Stumbling into films
by sheer chance
IMAGINE a person entering a profession for which he is least prepared and yet making a great success of it. Surprising, isn’t it? Instances of such success stories can be quoted from politics, business, industry, et al. In fact, from almost every walk of life. But, I think, it is our film industry which can boast of the maximum number of such cases.
When we look back to the early years of cinema, we find so many actors, directors, music composers, lyricists and choreographers who came to films either as a matter of chance or through circumstances over which they had little control. Take, for instance, Dilip Kumar, deservedly called the ‘king of histrionics.’
Mohammad Usuf Khan (Dilip Kumar’s real name) was a handsome young man who assisted his father in his fruit shop situated within the precincts of the Bombay Talkies studios. Such a handsome young man could not remain unnoticed for long. Devika Rani, owner of the studios, had an eye for photogenic faces.
One day while she was
in her office, she sent for Yusuf Khan. "Would you like to act in
films?," she asked him as soon as he entered her room. Yusuf
Khan, taken unawares, found himself nodding confusedly. "What’s
your name?" was Devika Rani’s next question. When the young man
told her his name, she thought over it for a while and said, "No,
this won’t do. A short while later, she gave him the choice to
select one of these three names for himself if he wanted to act in
films—Vasudev, Jahangir and Dilip Kumar. Yusuf Khan chose Dilip
Kumar. True to her word, Devika Rani gave Dilip Kumar his debut role
in Jawar Bhata (1944). The rest is history.
Balraj Sahni, who did his MA in English literature from Panjab University, began as a lecturer at Shantiniketan. After some time, on Gandhi’s advice, he went to England to serve there as an announcer with the BBC. From 1940 to 1944, he worked as a BBC announcer. On his return to India in 1945, he first acted in a few plays staged by the Indian People Theatre Association (IPTA). Then, K.A. Abbas gave him a break in films. His first film was Dharti Ke Lal (1945). It was, however, Ranjit Movietone’s Hum Log (1951) which made people sit up and take notice of Balraj Sahni’s exceptional talent as actor. With Do Bigha Zamin ((1953), he began to be reckoned among the great actors of Hindi cinema.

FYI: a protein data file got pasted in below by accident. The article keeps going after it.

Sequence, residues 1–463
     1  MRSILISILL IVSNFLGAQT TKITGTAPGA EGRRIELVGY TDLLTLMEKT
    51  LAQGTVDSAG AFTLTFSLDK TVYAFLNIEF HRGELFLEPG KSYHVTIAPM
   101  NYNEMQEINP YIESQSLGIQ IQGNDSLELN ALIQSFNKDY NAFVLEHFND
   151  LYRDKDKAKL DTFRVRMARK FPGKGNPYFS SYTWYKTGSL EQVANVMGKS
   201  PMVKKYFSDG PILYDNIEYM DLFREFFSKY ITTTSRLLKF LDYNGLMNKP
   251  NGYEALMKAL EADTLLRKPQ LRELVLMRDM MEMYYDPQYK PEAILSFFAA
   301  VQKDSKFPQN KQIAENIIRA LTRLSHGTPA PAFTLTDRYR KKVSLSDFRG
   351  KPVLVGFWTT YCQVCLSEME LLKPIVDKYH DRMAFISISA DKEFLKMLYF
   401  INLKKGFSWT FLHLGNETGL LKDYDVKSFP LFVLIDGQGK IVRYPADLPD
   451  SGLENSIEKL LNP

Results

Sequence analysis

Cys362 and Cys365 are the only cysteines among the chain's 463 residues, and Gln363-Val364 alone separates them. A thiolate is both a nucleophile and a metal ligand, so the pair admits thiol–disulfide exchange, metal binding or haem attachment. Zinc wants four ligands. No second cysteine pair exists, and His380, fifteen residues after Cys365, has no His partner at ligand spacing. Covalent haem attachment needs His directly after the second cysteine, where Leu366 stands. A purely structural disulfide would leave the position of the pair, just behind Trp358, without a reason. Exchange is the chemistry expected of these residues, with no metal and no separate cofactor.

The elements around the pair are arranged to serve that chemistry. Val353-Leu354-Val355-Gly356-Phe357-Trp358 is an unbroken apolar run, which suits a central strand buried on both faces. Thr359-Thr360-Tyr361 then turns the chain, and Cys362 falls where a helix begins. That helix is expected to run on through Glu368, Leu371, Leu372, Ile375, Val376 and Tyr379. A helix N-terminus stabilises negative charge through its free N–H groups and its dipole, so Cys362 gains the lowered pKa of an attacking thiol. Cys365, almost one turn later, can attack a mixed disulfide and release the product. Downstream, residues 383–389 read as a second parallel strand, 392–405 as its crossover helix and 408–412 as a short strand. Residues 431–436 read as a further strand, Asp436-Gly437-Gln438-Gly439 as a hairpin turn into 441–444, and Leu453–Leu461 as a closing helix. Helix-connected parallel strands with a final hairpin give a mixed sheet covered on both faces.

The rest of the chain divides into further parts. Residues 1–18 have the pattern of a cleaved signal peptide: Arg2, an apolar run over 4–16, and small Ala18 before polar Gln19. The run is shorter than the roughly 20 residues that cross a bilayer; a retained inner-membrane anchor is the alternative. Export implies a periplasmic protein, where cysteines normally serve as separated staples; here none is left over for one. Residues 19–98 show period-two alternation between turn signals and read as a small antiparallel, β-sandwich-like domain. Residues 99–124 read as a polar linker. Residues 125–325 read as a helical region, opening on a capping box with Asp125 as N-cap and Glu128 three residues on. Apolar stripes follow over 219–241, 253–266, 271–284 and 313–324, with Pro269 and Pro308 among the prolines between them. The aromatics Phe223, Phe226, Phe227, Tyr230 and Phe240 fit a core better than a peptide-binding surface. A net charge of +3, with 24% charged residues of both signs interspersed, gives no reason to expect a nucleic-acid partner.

K. Asif of the Mughal-e-Azam fame had quite a humble beginning. He was running a small tailoring shop when his maternal uncle Nazir, a well-known hero of Hindi and Punjabi films of the 40s, inspired him to give up tailoring for films.
Do you find anything common between repairing clocks and composing tunes for films? Obviously, one cannot think of two more dissimilar professions. Yet it is true that music director Master Ghulam Haider, before he came to films, used to run a small shop where he repaired old clocks, watches and timepieces. Did anyone then know that he would one day compose such enduring tunes as, "Watan ki rah mein watan ke naujawan shaheed ho’, ‘Ik yaad kisi ki yaad rahi aur sari duniya bhool gaye’, ‘Naino ke baan ki reet nirali’, ‘Sawan ke nazare hain’and many other such songs? Incidentally, it was Ghulam Haider who gave Lata Mangeshker her first major break in films as a playback singer. Under his guidance, Lata rendered this winsome number, Dil mera toda, mujhe kahin ka na chhoda tere pyar ne’ in the film Majboor (1948).
A young Army officer chucking his job to carve out a career for himself in films—well, can you guess who he was? It was, of course, Madan Mohan, the music director who has given us many memorable songs. Madan Mohan, in fact, was aspiring to become a singer, but the music directors of the time found his voice a trifle too thin to suit the film heroes of those days. So the next thing that Madan Mohan applied himself to with dedication was to master the sur and taal of music direction. And he did succeed in it. Who can forget his evergreen creations like, Meri yaad mein tum na ansoo bahana, Aap ki nazron ne samjha pyar ke kabil mujhe and many others.
Sunil Dutt, whose real name is Balraj Dutt, was working as an announcer and programme-composer with Radio Ceylon in the early 50s when he was offered a role in Railway Platform (1954) by Ramesh Saigal, the director of the film. Of course, it was his role of the bad boy Birju in Mehboob’s Mother India that catapulted him to stardom.
And now a quick look at a few other success stories of the film industry. Guru Dutt had to work as a telephone operator in one of the factories of Levers Brothers. It was while working as a telephone operator that he devoted his spare time to learn classical dances. He got his first break in films as a choreographer.
The versatile Kader Khan once made his both ends meet by working as an instructor in a polytecnic. Johnny Walker was a bus conductor when his talent for comedy was noticed by Guru Dutt.
Lyricist Gulshan Bawra was a clerk in
the Railways. Majrooh Sultanpuri practised as a hakim in his home
town Sultanpur .